Publication Date

2019

Abstract

Infinite idealizations appear in our best scientific explanations of phase transitions. This is thought by some to be paradoxical. In this paper I connect the existing literature on the phase transition paradox to work on the concept of indispensability, which arises in discussions of realism and anti-realism within the philosophy of science and the philosophy of mathematics. I formulate a version of the phase transition paradox based on the idea that infinite idealizations are explanatorily indispensable to our best science, and so ought to attract a realist attitude. I go on to offer a solution to the paradox by drawing a distinction between two types of indispensability: constructive and substantive indispensability. I argue that infinite idealizations are constructively indispensable to explanations of phase transitions, but not substantively indispensable. This helps to resolve the paradox, I maintain, since realist commitment tracks substantive, and not constructive, indispensability.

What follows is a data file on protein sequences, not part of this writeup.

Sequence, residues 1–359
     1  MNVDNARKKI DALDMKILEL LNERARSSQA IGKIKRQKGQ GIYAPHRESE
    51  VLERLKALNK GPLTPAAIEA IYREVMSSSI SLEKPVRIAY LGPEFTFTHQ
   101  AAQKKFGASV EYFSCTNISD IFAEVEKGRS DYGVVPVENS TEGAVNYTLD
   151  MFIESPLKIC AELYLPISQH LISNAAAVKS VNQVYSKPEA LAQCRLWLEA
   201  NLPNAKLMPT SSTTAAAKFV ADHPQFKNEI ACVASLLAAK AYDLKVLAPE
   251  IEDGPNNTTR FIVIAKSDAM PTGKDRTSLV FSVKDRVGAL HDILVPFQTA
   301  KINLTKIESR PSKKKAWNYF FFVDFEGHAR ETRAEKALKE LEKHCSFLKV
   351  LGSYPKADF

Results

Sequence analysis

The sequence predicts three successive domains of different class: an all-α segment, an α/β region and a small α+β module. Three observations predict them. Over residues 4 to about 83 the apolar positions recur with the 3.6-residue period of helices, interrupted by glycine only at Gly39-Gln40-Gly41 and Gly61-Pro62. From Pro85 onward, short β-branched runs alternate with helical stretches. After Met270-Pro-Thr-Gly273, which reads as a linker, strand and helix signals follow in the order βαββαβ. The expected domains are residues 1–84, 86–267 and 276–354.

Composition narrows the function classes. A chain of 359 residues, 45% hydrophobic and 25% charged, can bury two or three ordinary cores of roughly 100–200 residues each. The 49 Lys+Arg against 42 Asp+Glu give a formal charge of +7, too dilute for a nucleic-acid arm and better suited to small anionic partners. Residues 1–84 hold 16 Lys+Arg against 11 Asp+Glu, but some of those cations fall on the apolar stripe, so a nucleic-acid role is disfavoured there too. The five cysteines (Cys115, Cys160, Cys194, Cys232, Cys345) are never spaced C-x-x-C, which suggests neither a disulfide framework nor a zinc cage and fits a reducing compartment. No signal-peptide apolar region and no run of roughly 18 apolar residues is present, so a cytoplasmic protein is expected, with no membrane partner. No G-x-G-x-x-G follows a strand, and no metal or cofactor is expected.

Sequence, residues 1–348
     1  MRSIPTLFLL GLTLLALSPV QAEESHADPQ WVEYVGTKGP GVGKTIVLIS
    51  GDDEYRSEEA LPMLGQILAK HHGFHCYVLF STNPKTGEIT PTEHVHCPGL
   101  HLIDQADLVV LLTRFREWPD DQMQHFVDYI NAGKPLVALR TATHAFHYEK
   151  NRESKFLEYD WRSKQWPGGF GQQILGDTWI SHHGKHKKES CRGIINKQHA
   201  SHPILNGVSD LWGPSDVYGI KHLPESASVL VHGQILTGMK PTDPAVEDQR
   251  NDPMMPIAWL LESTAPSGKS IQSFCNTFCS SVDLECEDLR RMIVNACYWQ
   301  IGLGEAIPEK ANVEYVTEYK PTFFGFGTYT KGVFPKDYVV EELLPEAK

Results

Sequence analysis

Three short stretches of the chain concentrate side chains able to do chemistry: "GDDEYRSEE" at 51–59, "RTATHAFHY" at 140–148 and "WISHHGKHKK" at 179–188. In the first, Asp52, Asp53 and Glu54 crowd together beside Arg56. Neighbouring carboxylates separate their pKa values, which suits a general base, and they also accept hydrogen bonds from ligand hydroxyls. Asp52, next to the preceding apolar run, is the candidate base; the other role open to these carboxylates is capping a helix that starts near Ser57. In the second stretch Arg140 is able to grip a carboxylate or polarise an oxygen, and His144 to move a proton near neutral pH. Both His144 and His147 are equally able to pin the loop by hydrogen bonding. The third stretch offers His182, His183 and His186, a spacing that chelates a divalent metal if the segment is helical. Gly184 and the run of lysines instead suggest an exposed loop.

School/Institute

Dianoia Institute of Philosophy

Document Type

Journal Article

Access Rights

ERA Access

Access may be restricted.

Share

COinS